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Bell Canada Informs its Customers about Hack into their Private Information


Bell Canada recently admitted that hackers got away with its customers' personal information. According to the telco, the stolen details included names, numbers and usernames of accounts, e-mail ids, while within certain instances, phone numbers. However, banking and credit card details remained intact.


The hack occurred merely 8 months following an unknown PC attacker stealing 1.9m customer e-mails out of Bell's database. Bell is the biggest telco in Canada that supports more than 22m customers. According to the telecom company, it found no evidence of theft of banking, credit card alternatively any other information. An investigation into the incident was ongoing, confirmed the RCMP.


John Watson executive vice-president at Bell for customer experience stated within an e-mail dated January 23 and intended for consumers impacted with the hack that their accounts were now equipped with more security authentication as well as identification requirements. He advised consumers to reset their passwords as well as security questions more often while routinely examine accounts for dubious operations. Watson wrote that Bell considered the safeguard of corporate as also customer details most important. Financialpost.com posted this, January 23, 2018.


While alerting its consumers, Bell Canada said the affected individuals on their overall list would be provided extra security, identification and authentication requirements. During May, Bell Canada disclosed that an unknown hacker was able to effectively gain admission into some 1.9m working e-mail addresses as also some 1,700 customers' working phone numbers along with names. It is necessary that people understand centralized data can be targeted in online attacks.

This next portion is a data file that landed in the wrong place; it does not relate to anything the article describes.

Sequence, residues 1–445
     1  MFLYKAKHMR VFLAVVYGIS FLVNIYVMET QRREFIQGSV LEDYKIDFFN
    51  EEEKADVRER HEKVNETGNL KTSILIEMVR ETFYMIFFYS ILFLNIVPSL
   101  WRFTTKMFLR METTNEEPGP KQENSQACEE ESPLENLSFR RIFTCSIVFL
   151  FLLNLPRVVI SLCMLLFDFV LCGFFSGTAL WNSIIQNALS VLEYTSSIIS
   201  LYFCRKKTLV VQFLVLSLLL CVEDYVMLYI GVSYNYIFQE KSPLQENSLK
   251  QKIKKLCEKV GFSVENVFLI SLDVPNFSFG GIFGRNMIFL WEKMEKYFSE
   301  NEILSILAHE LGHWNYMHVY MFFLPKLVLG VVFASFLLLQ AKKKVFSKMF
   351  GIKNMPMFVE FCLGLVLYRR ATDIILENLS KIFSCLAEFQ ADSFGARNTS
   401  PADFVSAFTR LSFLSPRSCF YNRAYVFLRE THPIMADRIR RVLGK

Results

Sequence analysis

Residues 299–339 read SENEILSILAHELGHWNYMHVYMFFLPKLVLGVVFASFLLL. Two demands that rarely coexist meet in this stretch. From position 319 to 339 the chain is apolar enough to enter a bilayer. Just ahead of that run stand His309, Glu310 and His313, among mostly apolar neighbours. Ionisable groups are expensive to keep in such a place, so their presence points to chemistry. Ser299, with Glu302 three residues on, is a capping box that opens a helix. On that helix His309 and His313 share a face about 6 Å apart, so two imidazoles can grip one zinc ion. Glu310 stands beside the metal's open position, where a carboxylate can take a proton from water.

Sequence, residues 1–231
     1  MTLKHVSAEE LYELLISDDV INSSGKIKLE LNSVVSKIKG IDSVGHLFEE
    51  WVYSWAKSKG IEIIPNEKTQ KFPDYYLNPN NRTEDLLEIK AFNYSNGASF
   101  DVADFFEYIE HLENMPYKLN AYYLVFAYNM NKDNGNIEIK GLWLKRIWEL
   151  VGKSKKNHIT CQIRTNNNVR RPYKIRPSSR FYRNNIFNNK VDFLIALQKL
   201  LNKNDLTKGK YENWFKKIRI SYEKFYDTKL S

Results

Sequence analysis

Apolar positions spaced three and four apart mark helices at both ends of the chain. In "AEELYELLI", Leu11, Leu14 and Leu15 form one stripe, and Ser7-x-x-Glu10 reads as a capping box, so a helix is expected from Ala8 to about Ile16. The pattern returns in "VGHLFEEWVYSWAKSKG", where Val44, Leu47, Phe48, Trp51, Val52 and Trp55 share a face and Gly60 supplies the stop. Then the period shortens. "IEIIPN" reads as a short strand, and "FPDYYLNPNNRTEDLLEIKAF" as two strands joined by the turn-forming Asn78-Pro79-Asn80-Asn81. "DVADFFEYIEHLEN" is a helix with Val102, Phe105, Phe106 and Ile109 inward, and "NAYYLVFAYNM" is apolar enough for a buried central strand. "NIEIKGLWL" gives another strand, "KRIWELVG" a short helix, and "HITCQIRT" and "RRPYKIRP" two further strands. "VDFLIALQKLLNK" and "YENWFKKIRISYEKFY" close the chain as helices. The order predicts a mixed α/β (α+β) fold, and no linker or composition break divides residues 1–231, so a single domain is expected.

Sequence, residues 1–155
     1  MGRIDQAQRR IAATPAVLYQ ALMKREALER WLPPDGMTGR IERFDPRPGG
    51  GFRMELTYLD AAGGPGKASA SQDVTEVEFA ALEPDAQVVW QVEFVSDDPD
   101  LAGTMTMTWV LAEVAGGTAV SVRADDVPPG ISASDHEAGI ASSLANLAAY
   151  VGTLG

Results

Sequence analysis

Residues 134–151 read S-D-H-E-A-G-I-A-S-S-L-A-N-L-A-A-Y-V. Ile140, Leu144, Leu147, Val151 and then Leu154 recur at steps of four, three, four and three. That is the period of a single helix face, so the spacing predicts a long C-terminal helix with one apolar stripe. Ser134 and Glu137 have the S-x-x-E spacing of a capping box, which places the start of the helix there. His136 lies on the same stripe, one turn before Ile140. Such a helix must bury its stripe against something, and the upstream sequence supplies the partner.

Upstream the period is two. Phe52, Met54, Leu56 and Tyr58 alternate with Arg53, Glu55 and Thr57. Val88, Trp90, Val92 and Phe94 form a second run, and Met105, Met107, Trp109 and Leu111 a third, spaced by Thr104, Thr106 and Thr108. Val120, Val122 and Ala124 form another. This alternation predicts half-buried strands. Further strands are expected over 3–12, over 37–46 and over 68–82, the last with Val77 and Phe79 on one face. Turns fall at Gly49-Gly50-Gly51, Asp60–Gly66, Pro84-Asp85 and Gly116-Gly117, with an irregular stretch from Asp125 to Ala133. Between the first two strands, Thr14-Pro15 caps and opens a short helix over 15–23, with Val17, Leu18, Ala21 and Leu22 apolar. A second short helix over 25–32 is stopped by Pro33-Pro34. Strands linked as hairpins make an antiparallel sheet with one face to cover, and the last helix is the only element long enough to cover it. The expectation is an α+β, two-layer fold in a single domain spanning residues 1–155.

The most recent data hack that Bell encountered comes after a number of other prominent breaches against organizations which have impacted the people of Canada during recent months, most importantly Equifax the credit monitoring firm and Uber the car-hailing business, although the said organizations didn't at once announce the hacks.


The Canadian government has started examining modifications in the Personal Information Protection and Electronic Documents Act under which organizations would have to inform the public should any severe data hack occur. The province of Alberta in Canada alone follows compulsory reporting of issues by private-sector firms in the country.

» SPAMfighter News - 2/2/2018

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